After lying awake many nights, worrying about a business deal, thirty minutes with my lawyer removed all my concerns. And something he said has always stayed with me: You were right to do nothing at the time, Robin.
Kenny Rogers sang,
You've got to know when to hold 'em
Know when to fold 'em
Know when to walk away
And know when to run
You never count your money
When you're sittin' at the table
There'll be time enough for countin'
When the dealin's done
We all know how important timing is. Or do we? As we mature as entrepreneurs, we get a gut feel for timing. At the same time, we learn that we dont need to do every deal, or deal with everybody. We learn to walk away and we learn to stick it out. And we know that sometimes the results we work so hard for arent immediately evident. And sometimes, what keeps us disciplined and objective is the company we keep. If desperate people do desperate things, we need to associate with people who are not desperate, strapped for cash or emotionally unstable. Wise counsel comes from people who are relaxed, confident and impartial. Sometimes, were tempted to try and force things to happen, to twist the arm of the business process, to apply undue pressure. This usually leads to disaster or at least embarrassment. Or we hold back and allow a wonderful opportunity to pas us by. It takes self control and faith to hold em, to fold em, to walk away and to resist counting em too soon. And sometimes its easy to run when we should be holding on.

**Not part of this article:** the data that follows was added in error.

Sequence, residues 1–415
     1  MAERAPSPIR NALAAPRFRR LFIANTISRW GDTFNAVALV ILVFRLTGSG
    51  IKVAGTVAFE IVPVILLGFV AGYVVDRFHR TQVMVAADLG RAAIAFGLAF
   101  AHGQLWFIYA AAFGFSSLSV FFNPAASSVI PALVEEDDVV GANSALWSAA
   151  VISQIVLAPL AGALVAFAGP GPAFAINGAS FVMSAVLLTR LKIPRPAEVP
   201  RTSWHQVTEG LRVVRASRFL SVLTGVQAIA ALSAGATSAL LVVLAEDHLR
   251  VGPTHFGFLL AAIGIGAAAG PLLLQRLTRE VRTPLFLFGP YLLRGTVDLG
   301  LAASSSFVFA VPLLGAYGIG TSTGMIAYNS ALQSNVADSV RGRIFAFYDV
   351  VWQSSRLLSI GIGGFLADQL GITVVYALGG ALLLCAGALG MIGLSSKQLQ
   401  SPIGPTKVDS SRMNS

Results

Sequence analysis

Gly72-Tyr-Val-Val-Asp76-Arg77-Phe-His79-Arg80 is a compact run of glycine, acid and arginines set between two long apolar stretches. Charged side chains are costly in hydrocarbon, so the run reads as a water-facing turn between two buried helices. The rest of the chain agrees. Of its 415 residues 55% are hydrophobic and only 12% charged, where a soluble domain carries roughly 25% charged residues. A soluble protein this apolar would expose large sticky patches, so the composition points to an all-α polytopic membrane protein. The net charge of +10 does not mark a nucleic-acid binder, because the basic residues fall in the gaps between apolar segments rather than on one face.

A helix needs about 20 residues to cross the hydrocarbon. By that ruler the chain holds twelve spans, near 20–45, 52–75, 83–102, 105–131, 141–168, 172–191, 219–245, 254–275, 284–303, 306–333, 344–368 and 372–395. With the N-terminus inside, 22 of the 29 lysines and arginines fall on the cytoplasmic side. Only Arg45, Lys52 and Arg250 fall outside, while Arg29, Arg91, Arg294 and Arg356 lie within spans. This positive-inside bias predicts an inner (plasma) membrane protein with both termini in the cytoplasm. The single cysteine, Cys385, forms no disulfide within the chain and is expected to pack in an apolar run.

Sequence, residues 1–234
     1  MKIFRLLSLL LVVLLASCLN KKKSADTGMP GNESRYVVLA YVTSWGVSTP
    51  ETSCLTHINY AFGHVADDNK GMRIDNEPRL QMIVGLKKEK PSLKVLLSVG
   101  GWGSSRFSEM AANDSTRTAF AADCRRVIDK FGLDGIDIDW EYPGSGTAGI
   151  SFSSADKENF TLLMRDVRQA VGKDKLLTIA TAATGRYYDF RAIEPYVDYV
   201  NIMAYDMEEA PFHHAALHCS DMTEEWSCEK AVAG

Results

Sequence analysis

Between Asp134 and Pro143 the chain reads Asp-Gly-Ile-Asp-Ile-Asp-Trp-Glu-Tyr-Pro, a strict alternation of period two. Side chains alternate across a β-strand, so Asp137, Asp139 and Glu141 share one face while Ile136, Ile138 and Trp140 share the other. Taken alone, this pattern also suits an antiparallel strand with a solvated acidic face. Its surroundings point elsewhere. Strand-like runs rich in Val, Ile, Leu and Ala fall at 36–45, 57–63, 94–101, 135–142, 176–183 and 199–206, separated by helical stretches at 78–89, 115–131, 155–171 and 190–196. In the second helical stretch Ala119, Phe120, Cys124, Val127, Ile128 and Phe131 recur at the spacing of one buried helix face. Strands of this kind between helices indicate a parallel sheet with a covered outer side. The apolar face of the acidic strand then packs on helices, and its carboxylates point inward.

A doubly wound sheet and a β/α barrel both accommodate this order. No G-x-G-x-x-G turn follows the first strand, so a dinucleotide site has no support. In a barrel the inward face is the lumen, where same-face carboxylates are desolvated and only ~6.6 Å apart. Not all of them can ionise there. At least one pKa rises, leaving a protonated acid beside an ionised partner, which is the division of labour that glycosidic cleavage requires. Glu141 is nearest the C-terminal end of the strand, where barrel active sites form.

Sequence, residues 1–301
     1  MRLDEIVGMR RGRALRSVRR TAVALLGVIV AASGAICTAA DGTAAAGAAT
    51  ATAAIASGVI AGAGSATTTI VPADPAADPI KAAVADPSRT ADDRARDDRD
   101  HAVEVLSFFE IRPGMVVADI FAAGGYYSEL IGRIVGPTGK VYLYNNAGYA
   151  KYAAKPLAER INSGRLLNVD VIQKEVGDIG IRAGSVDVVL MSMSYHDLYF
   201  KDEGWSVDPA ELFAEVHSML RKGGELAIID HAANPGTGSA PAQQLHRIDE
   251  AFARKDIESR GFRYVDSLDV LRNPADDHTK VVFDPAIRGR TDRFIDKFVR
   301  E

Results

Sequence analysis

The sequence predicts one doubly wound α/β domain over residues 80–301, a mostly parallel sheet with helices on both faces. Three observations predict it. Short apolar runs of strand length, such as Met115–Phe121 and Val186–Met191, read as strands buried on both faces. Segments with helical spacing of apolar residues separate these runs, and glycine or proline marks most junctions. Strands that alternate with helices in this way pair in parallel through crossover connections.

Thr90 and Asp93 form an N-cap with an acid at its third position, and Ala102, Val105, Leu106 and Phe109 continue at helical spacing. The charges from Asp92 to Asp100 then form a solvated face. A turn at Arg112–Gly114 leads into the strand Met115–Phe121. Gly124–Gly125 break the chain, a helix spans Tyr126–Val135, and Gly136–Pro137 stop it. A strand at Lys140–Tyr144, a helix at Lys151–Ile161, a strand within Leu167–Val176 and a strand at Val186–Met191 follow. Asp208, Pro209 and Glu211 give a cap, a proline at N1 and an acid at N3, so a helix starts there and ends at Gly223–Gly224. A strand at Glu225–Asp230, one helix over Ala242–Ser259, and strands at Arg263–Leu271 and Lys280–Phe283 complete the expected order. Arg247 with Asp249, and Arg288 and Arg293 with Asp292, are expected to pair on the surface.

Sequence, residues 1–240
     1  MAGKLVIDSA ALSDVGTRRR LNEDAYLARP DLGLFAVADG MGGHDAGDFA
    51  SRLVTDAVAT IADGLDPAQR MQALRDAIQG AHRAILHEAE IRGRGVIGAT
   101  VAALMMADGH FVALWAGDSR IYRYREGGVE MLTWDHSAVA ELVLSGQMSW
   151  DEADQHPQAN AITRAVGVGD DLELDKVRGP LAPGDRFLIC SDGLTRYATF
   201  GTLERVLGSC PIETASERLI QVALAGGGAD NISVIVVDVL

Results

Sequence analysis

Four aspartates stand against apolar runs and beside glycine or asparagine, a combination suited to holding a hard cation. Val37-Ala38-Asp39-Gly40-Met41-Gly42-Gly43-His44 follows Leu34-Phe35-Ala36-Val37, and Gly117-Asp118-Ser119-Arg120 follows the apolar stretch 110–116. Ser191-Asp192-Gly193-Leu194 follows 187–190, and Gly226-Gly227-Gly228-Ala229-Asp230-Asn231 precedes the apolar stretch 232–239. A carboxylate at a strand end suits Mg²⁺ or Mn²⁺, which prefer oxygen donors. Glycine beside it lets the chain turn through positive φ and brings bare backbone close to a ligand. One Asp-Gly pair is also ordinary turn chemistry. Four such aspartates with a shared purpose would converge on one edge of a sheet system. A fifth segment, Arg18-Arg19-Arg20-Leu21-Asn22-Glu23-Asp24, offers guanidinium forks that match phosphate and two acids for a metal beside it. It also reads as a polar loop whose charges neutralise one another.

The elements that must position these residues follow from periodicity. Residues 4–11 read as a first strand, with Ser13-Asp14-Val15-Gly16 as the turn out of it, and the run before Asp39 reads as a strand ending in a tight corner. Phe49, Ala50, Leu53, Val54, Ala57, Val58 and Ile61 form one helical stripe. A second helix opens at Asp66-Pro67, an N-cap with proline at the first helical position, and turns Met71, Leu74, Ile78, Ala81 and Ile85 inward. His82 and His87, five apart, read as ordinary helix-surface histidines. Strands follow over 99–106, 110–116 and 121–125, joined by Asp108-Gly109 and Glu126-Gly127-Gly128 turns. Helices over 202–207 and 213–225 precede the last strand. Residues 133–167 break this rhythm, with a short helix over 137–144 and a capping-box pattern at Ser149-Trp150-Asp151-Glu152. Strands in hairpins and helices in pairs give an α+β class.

So aligning ourselves with a group of strong, patient and experienced entrepreneurs who can keep us on track when the wind howls and the seas are rough, is a smart thing to do. Which is exactly why I started the DollarMakers Joint Venture Forum. Courage is not the absence of fear and every entrepreneur has known the odd sleepless night. Thats when its good to have a seasoned mentor or wise business associate on call. Preferably someone who has a vested interest in your success. Together, we can do amazing things.
There is a tide in the affairs of men, which, taken at the flood, leads on to fortune; omitted, all the voyage of their life is bound in shallows and in miseries William Shakespeare.